Change won't come overnight

IT could take 15 to 20 years for inclusion to become a reality, Renfrewshire says.

A survey of the authority's three special schools found parents felt there was no one model which could be applied to all schools and circumstances. They feared it would be impossible to put extra resources into mainstream schools to support children with complex needs, who could be left vulnerable.

The main concerns were bullying, staff expertise, support and resources, and the danger of creating a school within a school.

School board chairs of mainstream schools felt that it was impossible for all schools to meet the needs of all pupils, although they accept that new buildings should be designed with inclusion in mind.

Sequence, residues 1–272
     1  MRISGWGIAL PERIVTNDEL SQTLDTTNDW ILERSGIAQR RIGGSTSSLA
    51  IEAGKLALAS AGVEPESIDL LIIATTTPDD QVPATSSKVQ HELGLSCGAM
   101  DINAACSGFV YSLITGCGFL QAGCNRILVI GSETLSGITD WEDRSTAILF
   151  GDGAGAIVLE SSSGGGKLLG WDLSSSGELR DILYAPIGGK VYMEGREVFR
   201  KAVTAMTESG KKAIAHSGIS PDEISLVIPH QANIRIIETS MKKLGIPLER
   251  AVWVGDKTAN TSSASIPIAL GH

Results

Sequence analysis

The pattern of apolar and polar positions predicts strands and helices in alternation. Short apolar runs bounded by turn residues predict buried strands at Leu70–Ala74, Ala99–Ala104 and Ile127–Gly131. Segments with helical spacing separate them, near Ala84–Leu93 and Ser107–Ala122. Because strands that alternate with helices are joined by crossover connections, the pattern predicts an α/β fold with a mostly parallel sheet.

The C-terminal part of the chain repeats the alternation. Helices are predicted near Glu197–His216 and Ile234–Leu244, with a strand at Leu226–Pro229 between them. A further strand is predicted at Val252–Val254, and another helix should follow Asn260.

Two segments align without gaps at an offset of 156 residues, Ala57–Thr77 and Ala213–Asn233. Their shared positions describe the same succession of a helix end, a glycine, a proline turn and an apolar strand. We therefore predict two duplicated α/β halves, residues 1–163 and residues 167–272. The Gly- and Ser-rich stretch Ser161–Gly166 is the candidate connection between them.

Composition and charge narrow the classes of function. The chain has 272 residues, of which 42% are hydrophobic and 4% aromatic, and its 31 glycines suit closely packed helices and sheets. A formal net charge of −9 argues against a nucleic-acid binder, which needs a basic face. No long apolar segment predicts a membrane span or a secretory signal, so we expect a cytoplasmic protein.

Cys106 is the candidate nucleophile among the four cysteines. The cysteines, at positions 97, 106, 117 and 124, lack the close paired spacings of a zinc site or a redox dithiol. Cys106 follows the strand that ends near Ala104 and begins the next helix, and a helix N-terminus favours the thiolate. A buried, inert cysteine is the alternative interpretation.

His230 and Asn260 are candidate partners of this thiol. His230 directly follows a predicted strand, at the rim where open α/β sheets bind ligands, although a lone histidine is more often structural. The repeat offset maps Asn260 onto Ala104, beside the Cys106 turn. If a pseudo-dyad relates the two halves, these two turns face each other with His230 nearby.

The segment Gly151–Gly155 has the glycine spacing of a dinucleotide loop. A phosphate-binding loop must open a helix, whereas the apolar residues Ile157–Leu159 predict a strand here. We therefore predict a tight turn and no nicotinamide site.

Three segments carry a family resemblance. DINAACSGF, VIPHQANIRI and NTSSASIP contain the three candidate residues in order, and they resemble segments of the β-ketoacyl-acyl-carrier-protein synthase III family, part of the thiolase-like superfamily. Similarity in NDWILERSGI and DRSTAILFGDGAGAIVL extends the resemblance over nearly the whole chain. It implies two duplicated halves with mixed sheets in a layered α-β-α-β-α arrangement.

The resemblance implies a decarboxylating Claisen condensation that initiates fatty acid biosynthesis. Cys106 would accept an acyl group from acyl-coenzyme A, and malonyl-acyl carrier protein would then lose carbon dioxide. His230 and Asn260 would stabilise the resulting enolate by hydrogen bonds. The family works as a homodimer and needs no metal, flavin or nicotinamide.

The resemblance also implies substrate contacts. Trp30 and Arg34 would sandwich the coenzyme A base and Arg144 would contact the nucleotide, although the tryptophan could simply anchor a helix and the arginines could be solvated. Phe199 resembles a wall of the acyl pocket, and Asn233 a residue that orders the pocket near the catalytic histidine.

The survey reveals strong support for the continuation of the three special schools and the council's approach to inclusion. There is broad backing for additional support bases in schools, although parents and teachers are concerned about the resources involved.

However, there is little support for providing extra facilities in primaries and secondaries for pupils with "significant additional needs", or for 16-plus units in some secondaries for pupils with additional needs. These initiatives would be too disruptive.

Staff in mainstream schools were concerned about the environment for children with complex and multiple needs and the difficulties of classroom management when there were already considerable numbers of support staff.

Teachers accept that staff development will be critical.

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